Mine is not a family of photographers. We don’t click pictures of every party or parade. We don’t all put on white shirts and jeans to sit on rocks at the beach for annual family portraits. We don’t even usually remember to document landmark events like birthdays, graduations, or meals that aren’t burnt. That requires a certain kind of self-consciousness that we’re short on. It may have originated with my grandfather, who rejected the “bourgeois life of Wall Street” and moved his family into a utopian community in the 1930s.
Whole decades are missing from our family’s life in pictures. I never thought about it much, but now that I’m older I’m beginning to think not just about where our family is going, but where it’s been. We humans nearly always feel that inexplicable connection with the homelands of our ancestors, and with our “roots.” We know there is a genetic imperative to favor family, but it’s more than that. There’s a sense of grounding, of the permanence, even immortality that comes from seeing the long line of ancestors that reaches behind you, then panning forward we can see that same line extending into the future and on over the horizon.
My family is probably better at knowing we’re related to, say, Sir Isaac Newton or steamship builder Robert Fulton, than we are at knowing our immediate ancestors. Thankfully, my father’s long-gone mother documented his every childhood phase. Flipping though the photo album I see him posed in his christening gown, a page later in his velvet Little Lord Fauntleroy suit, then bundled in funny little coat and ready to go outside, then I flip the page and there he is with old Nell, the harness horse that pulled his grandfather’s buggy. In all these posed photos he was with his usually identically dressed fraternal twin brother.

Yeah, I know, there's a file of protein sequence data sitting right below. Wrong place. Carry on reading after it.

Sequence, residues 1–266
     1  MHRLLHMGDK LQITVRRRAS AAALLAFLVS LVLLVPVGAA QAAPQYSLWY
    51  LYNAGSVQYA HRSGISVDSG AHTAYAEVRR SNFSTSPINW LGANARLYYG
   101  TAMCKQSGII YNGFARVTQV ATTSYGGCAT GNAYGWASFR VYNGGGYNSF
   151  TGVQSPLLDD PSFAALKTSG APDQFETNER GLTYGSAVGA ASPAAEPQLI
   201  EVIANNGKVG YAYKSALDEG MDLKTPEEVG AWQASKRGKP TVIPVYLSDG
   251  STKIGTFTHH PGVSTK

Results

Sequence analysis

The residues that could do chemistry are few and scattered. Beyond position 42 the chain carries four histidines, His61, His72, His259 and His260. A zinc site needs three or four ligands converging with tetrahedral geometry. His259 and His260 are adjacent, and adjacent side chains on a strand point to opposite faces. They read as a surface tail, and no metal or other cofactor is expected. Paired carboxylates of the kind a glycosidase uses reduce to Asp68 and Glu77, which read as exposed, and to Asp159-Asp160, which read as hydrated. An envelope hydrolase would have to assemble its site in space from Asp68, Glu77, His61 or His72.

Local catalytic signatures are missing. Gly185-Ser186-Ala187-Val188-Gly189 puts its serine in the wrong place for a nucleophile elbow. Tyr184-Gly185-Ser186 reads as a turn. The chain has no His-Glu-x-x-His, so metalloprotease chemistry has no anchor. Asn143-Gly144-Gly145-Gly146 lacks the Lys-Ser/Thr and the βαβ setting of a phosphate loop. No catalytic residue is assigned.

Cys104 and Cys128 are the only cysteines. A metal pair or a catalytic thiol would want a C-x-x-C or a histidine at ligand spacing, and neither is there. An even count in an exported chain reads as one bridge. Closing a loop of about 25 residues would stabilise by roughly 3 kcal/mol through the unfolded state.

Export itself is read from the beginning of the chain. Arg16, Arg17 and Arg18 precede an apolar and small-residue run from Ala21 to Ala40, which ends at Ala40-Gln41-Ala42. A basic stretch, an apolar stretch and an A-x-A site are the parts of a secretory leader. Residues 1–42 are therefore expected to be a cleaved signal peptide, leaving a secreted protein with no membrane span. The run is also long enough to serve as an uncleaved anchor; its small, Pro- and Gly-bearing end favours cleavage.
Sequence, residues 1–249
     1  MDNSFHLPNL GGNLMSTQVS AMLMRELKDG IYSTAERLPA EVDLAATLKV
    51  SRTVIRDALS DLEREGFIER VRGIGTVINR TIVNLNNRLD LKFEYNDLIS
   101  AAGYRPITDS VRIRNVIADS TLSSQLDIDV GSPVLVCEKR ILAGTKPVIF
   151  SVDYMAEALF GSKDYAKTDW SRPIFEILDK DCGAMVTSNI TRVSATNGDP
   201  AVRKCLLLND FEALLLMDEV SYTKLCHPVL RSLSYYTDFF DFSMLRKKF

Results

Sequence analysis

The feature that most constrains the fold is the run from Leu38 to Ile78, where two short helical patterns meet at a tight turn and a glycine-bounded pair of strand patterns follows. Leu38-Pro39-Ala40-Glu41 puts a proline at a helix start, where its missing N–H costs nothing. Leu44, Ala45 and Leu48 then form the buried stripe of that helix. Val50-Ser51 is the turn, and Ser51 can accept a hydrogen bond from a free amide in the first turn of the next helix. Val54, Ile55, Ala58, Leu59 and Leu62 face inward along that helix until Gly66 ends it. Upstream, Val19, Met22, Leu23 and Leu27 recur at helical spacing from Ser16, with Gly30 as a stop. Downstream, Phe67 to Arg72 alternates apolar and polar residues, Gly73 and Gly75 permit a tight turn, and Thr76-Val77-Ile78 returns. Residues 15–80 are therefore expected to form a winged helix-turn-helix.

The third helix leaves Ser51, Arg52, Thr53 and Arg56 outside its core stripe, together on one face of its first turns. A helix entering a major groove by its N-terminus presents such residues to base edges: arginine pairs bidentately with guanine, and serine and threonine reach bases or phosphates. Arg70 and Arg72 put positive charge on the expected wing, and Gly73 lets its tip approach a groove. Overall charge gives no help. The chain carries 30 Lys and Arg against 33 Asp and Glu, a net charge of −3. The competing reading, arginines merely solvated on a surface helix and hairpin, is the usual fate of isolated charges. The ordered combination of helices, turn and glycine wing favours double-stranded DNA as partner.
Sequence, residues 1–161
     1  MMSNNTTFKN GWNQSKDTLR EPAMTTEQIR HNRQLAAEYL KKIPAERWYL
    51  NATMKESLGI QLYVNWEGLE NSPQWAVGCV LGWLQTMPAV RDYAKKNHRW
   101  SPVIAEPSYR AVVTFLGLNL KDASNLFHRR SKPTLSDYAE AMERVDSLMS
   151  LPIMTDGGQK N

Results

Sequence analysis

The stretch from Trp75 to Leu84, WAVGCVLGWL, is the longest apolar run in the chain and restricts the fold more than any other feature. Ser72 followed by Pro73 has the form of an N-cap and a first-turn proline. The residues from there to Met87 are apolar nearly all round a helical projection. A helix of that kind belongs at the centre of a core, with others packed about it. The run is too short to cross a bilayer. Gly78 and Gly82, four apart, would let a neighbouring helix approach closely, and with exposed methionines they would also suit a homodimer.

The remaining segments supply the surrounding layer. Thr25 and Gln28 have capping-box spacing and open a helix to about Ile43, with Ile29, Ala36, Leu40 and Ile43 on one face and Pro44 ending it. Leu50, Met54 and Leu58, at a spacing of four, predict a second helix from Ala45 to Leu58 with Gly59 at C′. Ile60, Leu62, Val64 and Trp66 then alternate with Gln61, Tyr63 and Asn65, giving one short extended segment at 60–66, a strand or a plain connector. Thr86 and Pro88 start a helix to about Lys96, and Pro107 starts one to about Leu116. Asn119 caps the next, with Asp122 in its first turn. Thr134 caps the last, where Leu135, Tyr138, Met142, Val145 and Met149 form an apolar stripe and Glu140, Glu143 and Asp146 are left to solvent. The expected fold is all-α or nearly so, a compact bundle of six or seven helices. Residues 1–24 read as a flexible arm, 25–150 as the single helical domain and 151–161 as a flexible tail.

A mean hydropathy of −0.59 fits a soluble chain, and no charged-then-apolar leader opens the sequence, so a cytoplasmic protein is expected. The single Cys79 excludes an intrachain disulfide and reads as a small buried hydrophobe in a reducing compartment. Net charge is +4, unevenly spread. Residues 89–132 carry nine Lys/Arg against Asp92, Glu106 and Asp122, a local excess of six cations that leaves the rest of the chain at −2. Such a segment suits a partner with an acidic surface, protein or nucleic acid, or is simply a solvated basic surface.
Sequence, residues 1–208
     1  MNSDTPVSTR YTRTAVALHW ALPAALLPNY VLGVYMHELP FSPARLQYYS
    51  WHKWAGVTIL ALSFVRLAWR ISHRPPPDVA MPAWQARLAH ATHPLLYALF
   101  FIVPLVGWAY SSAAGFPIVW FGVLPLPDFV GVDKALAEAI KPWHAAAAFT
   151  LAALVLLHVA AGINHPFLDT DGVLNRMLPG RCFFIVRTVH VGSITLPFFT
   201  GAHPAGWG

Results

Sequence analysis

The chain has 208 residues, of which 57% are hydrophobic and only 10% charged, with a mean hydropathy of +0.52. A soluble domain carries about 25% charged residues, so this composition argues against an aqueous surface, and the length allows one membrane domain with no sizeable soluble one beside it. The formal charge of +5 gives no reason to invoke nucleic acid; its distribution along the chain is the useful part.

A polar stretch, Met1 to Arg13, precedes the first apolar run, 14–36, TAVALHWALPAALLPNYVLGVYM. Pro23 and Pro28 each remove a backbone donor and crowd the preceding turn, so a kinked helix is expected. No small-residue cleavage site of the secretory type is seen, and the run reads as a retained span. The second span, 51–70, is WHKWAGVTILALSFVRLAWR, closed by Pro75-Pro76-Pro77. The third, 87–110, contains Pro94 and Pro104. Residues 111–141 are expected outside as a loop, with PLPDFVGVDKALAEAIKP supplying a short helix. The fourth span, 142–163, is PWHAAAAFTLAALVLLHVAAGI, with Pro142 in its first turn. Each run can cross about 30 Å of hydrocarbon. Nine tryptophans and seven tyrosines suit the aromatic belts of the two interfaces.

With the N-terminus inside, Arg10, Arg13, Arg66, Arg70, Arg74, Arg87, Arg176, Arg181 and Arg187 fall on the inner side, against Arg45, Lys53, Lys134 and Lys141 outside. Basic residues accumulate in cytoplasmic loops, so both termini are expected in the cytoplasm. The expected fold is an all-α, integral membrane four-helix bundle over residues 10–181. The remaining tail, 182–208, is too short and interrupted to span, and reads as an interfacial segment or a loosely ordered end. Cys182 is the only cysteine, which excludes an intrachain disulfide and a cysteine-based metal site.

But my mother? Fugedaboudit. I never saw a picture of her as a child. The earliest photo of her must be around age 22 or 23, and even then it’s just a snapshot from a distance far enough to have to look close to see it’s her. Of the few photos I have of her before age 45, none show a clear view of her face. This one, of her and my older brother as a baby, is typical:
I don’t care how good your photo editing software is, you’re not going to find my mother’s face in there. Which is why my heart skipped a beat when I peered into a tiny two inch by three inch photo of my aunt and her toddler boy and there, in the shadowed background, was a figure that might have been my mother. Might have been. As in, I felt a glimmer of hope. Aunt Ola is front and center in the photo. She’s in the yard of her parents’ Shenandoah, Virginia house, all smiles and looking modern in her short skirt, flapper cloche and baby Ray in her arms. He’s wearing his jumper with the big buttons and white shirt, high socks, and his Buster Browns. There’s a Model something-or-other Ford in the driveway behind them. I’ve had the photo for years but never stopped to examine it because, well, it was Aunt Ola, not my mom, and that figure in the background was too faint to see much of. This is what the photo looked like to me. Like I have glaucoma:
No, the borders aren’t really that dark, but this is exactly how the photo felt every time I glanced through the album. Then a few weeks ago I decided to restore some of our old photos and get copies to other family members. I brought out the album for the first time in quite a few years and looked at the pictures with the idea that the newest restoring and retouching programs could correct some of their problems. I took another look at the photo of Aunt Ola and baby Ray.